Re: Preventing Injection - Client Side

From: Geoff N. Hiten (sqlcraftsman_at_gmail.com)
Date: 11/11/05


Date: Fri, 11 Nov 2005 09:03:31 -0500

Comments inline

"willy" <willrich33@yahoo.com> wrote in message
news:1131557696.739603.25830@g14g2000cwa.googlegroups.com...
> Thanks
>
> I am building an office application which uses Microsoft Access as a
> client and SQL Server as the server. I am new to SQL Server and I
> don't want to anything that is too stupid.

You already missed this goal by using Access as the front end. :)

> I am assuming the db
> administrator would create a database specifically for this
> application. The program must be able to create and drop tables and
> works fine when hosted over the internet.
>
This would require opening a SQL port to the internet. Not a particularly
good idea from a security standpoint, especially when you are talking about
the privileges necessary to do what you ask.

> I am preventing everything but characters and numbers in my WHERE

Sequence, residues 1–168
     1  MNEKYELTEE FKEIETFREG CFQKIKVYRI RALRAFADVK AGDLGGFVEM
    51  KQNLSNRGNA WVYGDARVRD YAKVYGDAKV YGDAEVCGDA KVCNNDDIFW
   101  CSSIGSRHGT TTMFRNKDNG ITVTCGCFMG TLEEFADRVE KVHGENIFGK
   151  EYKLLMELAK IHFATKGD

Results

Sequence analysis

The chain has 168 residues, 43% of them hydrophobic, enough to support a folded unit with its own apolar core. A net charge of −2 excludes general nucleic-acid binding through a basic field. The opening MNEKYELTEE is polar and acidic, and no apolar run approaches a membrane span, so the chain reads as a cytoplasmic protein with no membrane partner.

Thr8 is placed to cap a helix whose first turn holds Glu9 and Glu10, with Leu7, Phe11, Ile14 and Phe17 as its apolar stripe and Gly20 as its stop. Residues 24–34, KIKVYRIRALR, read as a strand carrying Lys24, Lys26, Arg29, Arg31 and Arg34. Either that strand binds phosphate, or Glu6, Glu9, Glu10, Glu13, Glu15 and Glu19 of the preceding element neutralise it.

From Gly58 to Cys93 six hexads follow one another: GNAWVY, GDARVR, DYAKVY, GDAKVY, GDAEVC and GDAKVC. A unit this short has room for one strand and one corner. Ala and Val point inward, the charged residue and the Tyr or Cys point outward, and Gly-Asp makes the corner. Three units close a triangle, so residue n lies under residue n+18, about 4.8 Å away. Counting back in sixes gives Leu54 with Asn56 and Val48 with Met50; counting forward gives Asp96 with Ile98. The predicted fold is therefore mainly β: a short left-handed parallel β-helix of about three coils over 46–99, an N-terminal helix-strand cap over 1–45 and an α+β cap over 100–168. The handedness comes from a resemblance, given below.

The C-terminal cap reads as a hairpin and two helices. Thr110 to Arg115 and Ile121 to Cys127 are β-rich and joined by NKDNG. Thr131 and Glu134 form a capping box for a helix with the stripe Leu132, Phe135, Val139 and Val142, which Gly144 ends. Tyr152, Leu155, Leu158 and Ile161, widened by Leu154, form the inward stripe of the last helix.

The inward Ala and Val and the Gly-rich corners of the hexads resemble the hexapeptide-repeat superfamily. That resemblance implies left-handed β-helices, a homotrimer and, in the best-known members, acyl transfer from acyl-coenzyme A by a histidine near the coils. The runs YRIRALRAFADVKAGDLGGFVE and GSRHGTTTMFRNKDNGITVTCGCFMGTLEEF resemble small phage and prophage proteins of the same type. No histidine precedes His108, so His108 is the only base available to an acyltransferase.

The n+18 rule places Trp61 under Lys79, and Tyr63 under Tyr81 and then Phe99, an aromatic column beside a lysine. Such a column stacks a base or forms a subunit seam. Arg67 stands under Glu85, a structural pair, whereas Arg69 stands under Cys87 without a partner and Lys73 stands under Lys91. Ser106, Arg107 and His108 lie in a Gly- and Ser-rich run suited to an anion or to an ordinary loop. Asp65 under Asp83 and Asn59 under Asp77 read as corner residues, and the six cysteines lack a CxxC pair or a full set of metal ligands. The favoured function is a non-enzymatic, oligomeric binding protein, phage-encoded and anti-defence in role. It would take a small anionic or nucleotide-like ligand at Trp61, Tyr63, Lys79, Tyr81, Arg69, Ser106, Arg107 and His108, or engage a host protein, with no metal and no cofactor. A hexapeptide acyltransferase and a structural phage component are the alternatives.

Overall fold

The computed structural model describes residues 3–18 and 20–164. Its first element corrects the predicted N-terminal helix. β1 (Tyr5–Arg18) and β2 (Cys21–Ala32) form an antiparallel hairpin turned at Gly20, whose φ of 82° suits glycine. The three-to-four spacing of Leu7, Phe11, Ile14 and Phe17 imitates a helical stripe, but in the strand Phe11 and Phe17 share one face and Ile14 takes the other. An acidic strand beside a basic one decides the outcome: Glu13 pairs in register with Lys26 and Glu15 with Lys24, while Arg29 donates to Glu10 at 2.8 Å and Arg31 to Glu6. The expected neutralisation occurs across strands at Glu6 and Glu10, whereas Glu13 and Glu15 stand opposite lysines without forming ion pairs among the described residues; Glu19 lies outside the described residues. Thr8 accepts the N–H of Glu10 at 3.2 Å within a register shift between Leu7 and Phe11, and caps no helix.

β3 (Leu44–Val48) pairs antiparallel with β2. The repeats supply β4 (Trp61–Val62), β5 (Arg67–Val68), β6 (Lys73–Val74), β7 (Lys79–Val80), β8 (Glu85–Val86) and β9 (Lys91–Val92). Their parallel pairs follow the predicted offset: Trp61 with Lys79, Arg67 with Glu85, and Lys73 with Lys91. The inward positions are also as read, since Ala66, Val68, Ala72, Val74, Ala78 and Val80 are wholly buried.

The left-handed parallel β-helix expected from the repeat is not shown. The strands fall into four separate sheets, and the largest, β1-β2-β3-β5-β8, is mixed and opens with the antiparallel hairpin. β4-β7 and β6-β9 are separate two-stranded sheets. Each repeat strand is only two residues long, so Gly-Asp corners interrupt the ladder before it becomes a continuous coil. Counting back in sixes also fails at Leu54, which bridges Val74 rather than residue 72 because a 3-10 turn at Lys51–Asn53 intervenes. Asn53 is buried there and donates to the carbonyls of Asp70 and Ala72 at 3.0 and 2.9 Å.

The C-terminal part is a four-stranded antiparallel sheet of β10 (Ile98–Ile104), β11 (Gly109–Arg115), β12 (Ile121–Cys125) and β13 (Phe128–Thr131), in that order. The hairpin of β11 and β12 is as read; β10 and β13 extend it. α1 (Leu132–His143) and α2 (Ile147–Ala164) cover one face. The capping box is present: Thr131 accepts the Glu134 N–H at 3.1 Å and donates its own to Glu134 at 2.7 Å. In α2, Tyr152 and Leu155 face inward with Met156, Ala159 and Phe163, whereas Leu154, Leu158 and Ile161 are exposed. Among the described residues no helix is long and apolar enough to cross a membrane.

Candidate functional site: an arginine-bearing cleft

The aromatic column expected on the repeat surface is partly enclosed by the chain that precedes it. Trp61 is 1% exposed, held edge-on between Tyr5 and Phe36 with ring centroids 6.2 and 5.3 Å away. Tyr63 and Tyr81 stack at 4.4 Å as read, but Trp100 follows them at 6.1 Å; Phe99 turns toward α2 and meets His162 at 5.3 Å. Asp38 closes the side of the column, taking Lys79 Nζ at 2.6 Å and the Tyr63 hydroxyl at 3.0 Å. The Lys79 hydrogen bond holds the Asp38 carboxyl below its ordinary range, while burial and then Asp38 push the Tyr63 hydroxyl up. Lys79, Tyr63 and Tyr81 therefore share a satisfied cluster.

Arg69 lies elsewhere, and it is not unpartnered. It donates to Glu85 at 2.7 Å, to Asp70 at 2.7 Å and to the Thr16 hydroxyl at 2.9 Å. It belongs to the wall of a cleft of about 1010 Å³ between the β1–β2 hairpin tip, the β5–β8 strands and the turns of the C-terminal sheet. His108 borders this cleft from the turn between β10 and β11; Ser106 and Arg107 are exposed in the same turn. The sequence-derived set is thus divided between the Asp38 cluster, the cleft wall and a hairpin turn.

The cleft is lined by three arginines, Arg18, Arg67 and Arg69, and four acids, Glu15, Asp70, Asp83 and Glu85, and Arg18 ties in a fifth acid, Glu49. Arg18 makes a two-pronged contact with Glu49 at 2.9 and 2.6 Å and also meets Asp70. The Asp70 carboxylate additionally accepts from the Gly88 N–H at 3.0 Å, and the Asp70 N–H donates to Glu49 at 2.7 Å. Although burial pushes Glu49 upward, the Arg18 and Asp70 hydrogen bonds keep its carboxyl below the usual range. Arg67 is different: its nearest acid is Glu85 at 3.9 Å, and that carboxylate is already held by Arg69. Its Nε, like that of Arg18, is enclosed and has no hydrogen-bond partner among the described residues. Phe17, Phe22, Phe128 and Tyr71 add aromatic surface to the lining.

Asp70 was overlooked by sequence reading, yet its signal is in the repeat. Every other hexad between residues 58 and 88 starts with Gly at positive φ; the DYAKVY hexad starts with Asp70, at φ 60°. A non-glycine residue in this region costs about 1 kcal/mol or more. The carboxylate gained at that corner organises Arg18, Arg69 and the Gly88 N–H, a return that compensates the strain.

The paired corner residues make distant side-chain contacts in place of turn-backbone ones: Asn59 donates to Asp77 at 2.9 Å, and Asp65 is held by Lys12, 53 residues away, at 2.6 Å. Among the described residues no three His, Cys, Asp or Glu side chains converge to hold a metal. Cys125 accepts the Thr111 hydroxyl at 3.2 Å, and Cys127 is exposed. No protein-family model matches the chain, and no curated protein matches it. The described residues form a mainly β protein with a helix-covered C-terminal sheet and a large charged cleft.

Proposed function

> clauses and data to prevent injection.
>
Doesn't matter. With open network ports and SQL credentials in the Access
app, your server is open to conection via Query Analyzer or any other SQL
client app. Who cares about SQL injection when I can send any SQL command I
desire.
>
> But besides this measure, the program has these access/security
> needs/issues.
>
> Tables - Create Drop Read Write
> SPs -- Create Execute
>
> In addition the program needs to read from
>
> system_user
> db_name()
>
> information_schema.tables
> Information_schema.columns
> sysobjects
>
> Am I doing anything too stupid if the admin would prefer a more secure
> situation, maybe on a company database?
Maybe on a throwaway system. I certainly wouldn't allow any such
application anywhere near any of my servers.
>
> Willy
>

Sorry if I sound harsh, but I am trying to discourage you from making some
fundamental mistakes in building a SQL application. Access front end
'applications' have caused me more headaches than any other single app dev
environment when connecting to SQL Server.

-- 
Geoff N. Hiten
Senior Database Administrator
Microsoft SQL Server MVP 


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